Declaring War On ‘Brand Safety’ Misinformation

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We need to declare war on misinformation. And I’m not talking about bogus Covid-19 cures.

I’m talking about “Brand Safety” – and what seems to be an insidious, concerted effort among vendors to pull the wool over CMOs eyes.

As the chief revenue officer at Method Media Intelligence, my role is to have conversations with potential customers and sell them on our product. Understandably outreach during the COVID-19 crisis has been uniquely challenging. Ad executives are naturally distracted, a bit cautious – not to mention stuck at home.

During this time, we have focused on getting our house in order by focusing on product updates, producing informational one-sheeters, conducting research, and trying to figure out if Carole Baskin killed her husband. We fully realize that budgets and people are in flux, so we have been offering free tests of our tools and requesting only 30 minutes for a conversation.

It was in one of the 30-minute conversations, it all became troublingly clear.

The marketer in question worked with multiple outside vendors purporting to keep its brand-safe and or to make sure its ads reach actual people. In online advertising, there is a huge, seemingly-vibrant-yet-alarmingly-opaque sub-industry of various companies promising to keep brands out of trouble and avoid getting ripped off. They go by various labels – verification, brand auditing, fraud protection – but the offerings are mostly in the same safe neighborhood.

What was so troubling was that a senior decision-maker at this brand had little understanding of how some of their safety vendors worked.

As the conversation continued, things became even clearer. As we heard this executive detail how his anti-fraud procedures worked, his explanation sounded quite familiar.

That’s because we’d read it already.

A few weeks earlier, we became privy to an RFP response sent to a different agency that included a series of responses from several safety vendors. The language in one of the written responses was repeated almost word for word by our marketer friend.

Plus, this vendor had led this marketer to believe its product was capable of all sorts of specific brand protection mechanisms that in reality, it can’t deliver on. We know this as experts in the field who work in this sector intimately and from talking to those who can speak with authority regarding which brand safety firms can perform which function.

The problem is, every brand safety vendor likes to say it can do everything a brand needs. Real-time content analysis for brand safety? Check. Detect 100% of fraud in CTV/OTT? Contextual targeting in-app? Check.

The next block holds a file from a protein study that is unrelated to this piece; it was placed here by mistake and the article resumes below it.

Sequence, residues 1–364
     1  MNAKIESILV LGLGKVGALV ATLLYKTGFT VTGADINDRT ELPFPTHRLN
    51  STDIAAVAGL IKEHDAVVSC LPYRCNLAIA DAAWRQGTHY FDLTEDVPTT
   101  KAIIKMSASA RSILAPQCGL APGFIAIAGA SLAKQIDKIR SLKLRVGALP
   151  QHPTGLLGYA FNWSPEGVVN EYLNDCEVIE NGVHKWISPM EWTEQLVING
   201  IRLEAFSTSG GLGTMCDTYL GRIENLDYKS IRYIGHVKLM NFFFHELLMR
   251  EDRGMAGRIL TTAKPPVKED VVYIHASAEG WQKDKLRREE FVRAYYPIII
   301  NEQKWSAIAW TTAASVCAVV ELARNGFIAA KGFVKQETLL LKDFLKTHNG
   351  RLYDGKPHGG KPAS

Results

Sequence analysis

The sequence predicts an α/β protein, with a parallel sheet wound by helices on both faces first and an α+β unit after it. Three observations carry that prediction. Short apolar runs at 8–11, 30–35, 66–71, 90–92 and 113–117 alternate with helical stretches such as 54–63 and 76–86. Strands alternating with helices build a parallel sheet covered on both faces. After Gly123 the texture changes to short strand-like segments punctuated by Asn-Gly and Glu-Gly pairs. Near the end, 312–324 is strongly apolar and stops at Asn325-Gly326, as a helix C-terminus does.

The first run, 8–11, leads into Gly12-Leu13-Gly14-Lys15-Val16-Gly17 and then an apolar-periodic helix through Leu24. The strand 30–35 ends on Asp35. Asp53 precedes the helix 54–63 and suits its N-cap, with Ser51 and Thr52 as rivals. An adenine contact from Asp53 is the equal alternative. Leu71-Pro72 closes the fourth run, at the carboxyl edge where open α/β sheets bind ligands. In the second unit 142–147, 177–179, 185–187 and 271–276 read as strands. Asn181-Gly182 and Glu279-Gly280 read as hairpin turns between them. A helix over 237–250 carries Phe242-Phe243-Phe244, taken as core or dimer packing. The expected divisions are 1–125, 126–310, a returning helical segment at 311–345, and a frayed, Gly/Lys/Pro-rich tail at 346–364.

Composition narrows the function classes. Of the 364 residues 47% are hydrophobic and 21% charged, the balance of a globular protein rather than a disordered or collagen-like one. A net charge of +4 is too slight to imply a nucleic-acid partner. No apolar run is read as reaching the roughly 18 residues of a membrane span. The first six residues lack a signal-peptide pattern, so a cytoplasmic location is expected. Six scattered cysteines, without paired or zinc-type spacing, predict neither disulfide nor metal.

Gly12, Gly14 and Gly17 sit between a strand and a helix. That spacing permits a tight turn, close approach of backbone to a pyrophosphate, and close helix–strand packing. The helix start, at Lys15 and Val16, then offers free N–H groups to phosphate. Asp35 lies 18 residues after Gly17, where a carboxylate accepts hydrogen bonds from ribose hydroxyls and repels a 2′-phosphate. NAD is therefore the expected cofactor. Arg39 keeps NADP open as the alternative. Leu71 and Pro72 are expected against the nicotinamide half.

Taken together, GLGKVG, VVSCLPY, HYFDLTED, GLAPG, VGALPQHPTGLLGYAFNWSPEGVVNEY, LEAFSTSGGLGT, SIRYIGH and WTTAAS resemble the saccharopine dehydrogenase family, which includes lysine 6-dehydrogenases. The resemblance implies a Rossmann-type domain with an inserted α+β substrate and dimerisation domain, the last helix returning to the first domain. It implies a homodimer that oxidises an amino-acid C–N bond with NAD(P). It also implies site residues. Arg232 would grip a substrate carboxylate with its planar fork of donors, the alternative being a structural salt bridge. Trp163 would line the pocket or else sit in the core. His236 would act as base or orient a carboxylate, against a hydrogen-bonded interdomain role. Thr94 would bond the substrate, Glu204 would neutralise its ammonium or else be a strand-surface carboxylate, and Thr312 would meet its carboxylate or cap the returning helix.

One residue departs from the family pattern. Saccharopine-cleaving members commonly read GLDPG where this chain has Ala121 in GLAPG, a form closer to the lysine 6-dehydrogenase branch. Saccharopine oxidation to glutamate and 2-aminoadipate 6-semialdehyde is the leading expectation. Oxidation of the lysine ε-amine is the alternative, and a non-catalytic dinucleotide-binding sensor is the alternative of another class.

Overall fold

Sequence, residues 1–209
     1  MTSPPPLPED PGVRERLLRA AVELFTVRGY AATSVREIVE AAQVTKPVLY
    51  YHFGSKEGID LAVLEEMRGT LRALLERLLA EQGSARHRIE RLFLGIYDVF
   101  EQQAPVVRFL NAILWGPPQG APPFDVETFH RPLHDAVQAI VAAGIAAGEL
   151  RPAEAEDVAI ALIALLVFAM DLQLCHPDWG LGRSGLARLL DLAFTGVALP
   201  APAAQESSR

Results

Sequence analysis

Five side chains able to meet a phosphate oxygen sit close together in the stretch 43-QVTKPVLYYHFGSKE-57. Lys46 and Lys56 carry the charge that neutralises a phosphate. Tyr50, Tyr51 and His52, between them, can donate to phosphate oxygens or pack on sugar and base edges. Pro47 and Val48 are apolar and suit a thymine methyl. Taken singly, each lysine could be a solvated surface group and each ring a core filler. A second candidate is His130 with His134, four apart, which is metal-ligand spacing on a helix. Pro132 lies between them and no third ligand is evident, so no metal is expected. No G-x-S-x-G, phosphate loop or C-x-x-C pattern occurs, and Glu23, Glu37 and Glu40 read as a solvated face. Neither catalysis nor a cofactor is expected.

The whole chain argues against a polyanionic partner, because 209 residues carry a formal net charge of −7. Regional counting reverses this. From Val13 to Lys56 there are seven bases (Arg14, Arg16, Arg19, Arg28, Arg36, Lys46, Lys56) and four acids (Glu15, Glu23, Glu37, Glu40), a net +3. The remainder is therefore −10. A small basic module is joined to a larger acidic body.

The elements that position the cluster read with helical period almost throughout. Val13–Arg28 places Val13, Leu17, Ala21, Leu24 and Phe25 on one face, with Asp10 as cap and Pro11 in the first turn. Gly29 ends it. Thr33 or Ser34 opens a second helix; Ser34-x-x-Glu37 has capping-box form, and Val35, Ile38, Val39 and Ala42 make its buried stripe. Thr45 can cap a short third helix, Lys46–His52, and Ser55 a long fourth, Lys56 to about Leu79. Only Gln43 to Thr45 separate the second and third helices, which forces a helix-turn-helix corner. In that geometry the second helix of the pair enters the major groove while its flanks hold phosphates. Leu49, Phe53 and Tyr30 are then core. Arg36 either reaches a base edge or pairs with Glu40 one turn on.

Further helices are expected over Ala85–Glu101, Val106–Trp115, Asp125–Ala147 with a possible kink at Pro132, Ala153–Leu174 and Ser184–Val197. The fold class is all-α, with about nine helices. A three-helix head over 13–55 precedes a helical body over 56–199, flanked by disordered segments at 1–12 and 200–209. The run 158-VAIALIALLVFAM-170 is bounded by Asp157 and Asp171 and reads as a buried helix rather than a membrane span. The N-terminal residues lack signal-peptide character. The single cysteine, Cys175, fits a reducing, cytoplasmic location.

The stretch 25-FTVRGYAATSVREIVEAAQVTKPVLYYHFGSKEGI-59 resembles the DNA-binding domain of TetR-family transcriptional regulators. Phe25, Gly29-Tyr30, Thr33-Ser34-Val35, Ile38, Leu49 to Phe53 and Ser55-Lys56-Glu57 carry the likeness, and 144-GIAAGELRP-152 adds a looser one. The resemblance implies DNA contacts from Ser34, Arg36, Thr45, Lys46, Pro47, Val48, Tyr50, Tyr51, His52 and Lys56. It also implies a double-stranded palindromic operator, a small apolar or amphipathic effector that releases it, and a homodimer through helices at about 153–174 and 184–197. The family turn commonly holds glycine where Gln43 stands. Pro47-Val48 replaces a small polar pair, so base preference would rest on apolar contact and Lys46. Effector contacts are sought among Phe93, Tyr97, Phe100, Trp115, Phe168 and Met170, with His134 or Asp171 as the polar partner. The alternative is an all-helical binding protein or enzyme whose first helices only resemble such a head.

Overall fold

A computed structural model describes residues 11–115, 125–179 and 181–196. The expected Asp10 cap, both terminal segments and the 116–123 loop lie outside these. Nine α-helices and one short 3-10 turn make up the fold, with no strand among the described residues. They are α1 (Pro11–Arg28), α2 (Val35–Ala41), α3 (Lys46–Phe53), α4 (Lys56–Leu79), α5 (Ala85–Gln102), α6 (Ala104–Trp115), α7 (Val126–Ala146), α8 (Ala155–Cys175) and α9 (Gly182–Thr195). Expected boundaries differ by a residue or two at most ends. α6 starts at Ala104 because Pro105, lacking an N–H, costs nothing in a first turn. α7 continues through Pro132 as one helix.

In this case, the aforementioned RFP was full of outright lies. All the boxes were checked, so to speak, and it was no accident.

Rather, there is a deliberate misinformation campaign at work here – that is not unlike what we see in the political arena amidst the COVID crisis. Buyers either don’t know they are being misled, or they hear so much contradictory information that they don’t trust anyone.

We’re sorry to say this, but here’s generally how some of the misinformation is perpetuated: desperate salespeople.

Salespeople are under a lot of pressure (even more so now) to nail down a contract and tell potential clients what they want to hear. Sometimes, when asked about a particular capability, they’ll close the door and whisper, “sure we can do that” – whether true or not. Since buyers have convinced themselves they should only work with vendors who “check all the boxes,”  salespeople make sure they leave no boxes unchecked.

Of course, salespeople don’t want to say “No” to a client or suggest it is a bad idea to block a keyword because that might prevent them from getting the deal.

Unfortunately, as a result of all this mistrust, safety vendors are disliked by many groups and often for the wrong reason. Currently, safety vendors are being blamed by hurting news publishers. This too is misinformation. Marketers are the ones proactively requesting to block “COVID.” The technology will do what you tell it to.

This is the nuance of the problem. Before a CMO or an ad buyer ‘tells’ its brand safety tech vendor what to do, they need a better understanding of what these products can actually do.

Salespeople are not the enemy; they are not innocent, but they are not the enemy. It doesn’t help when ad agency execs or their CMO clients ask vendors basic binary questions like, “do you have this capability? You do? Great!” It would be a lot better for the ecosystem if said brands were able to probe vendors with informed questions about how their tech actually works. We may be a ways off from that reality.

In the meantime, I actually hope you are thinking:” This guy sells a brand safety product and is saying that everybody else is full of it. He’s got an agenda.” Because part of the combat of misinformation is knowing the source and checking. Everyone in this business has an agenda, and you should use this knowledge to your advantage when vetting any potential partner.

It’s true that CMOs generally don’t have the technical skills to be confident enough to call BS on a random safety vendor touting “proprietary algorithms”, but they should have folks on their team or the ability to bring in consultants who can provide counterintelligence to help in this war.

Brand leaders need to break their teams from the mentality of awarding contracts to whichever company that checks all of these “boxes” – and instead urge as much diligence as possible. The more we all become fact-checkers, the better chance we have to stamp out misinformation.

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